Numerous bills filed on Beacon Hill in recent years to toughen the state’s penalties for swatting have failed to gain traction. State Sen. Barry Finegold, who co-chairs the Legislature’s Committee on Economic Development and Emerging Technologies, is among those who want to see the penalties for swatting beefed up. He said the crime should be a felony, writes Christian M. Wade, Eagle-Tribune. 

The Eagle Tribune

Campaign funds could soon be used to pay for child care

Beacon Hill officials agree the out-of-control cost of child care needs a legislative solution and lawmakers say the problem as their “full attention.” The solution is likely to include a mechanism for current and would-be office-holders to use campaign finance money to cover related child-care costs, writes Matt Stout for The Boston Globe. Nearly 30 states allow candidates to use campaign funds for child care, as does the federal election system.

The Boston Globe

State’s multi-billion-dollar unemployment error is just the latest for labor department

A routine audit last week revealed roughly $2.5 billion in federal funds were used to pay out jobless claims that should have been paid with state money during the Baker administration. It’s the latest in a series of errors by the state labor department, whose loose financial controls have been under scrutiny for the past few years, reports WBUR. Last year, then-Labor Secretary Rosalin Acosta asked the U.S. Department of Labor to waive about $2 billion in jobless benefits to some 300,000 people who were found to have been overpaid or not eligible for the money. The feds denied the request.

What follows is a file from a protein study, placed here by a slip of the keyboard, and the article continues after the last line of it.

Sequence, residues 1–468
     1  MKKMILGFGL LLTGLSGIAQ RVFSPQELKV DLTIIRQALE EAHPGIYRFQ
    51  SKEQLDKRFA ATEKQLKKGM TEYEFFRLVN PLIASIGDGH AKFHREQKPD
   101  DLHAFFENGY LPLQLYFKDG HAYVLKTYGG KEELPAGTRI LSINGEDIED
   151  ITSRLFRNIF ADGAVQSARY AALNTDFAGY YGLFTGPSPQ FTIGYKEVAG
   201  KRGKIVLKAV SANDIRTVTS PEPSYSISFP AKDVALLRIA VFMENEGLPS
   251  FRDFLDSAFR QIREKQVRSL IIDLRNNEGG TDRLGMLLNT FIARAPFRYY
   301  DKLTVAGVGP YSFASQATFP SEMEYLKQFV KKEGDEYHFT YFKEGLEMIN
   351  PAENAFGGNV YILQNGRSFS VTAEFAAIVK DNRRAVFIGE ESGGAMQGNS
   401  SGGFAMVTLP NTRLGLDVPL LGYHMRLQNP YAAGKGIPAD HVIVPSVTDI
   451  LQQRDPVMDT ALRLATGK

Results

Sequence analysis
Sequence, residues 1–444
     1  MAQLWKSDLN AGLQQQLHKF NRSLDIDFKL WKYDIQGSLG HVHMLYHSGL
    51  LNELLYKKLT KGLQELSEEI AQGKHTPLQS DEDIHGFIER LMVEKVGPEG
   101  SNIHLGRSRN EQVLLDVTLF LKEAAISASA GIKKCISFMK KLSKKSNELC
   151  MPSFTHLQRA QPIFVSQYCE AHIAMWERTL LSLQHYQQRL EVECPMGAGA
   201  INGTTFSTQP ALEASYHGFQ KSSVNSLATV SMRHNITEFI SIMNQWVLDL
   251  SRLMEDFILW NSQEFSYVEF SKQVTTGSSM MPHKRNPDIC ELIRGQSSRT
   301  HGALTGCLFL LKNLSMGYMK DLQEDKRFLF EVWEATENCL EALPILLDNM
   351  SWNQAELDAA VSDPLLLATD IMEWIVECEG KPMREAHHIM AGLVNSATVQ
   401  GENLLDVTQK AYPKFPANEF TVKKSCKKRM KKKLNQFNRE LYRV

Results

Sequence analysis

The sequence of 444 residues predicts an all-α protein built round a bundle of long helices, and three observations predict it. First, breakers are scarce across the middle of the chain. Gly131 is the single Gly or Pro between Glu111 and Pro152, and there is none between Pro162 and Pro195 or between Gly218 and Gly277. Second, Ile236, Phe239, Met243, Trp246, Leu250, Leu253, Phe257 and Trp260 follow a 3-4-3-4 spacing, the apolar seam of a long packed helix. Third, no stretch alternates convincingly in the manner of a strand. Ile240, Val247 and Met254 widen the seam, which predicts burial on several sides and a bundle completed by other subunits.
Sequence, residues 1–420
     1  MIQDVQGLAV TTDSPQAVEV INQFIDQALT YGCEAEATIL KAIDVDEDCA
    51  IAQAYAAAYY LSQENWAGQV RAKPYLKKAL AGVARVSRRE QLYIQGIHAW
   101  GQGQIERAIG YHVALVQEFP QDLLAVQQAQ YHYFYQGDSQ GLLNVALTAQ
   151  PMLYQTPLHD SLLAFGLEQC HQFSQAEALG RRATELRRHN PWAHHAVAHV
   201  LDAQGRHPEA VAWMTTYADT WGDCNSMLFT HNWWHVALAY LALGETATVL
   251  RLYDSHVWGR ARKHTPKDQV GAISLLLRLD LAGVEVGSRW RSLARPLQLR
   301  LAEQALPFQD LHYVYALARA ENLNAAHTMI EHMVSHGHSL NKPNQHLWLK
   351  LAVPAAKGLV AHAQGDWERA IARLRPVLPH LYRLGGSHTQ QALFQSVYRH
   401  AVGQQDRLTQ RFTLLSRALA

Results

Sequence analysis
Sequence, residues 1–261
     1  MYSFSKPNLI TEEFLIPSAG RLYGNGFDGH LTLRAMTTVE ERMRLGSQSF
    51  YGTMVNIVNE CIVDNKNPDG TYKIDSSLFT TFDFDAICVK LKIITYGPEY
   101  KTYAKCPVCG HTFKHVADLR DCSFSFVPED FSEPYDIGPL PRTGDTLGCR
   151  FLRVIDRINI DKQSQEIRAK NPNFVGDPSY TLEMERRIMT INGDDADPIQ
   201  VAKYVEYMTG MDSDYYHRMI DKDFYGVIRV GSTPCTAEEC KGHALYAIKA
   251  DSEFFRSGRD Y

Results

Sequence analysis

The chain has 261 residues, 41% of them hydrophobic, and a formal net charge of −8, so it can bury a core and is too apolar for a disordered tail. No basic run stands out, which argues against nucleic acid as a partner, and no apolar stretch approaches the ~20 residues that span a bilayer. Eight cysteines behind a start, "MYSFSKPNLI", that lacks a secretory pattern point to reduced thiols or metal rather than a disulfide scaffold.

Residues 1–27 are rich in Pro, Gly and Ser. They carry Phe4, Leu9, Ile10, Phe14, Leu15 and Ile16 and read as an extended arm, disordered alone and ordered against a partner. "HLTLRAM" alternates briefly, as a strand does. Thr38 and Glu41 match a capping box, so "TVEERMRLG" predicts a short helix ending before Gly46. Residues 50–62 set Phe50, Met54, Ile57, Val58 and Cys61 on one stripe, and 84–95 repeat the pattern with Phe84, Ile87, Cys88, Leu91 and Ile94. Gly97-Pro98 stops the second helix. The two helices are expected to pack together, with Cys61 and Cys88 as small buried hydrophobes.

State report eyes 13 possible locations for new Springfield courthouse

Springfield might finally be getting a new courthouse following years of concerns over environmental workplace conditions at the Roderick Ireland Courthouse, reports  Stephanie Barry for the Springfield Republican: “. The agency in charge of financing all of the state’s construction projects released a report seemingly trending towards demolishing it last week.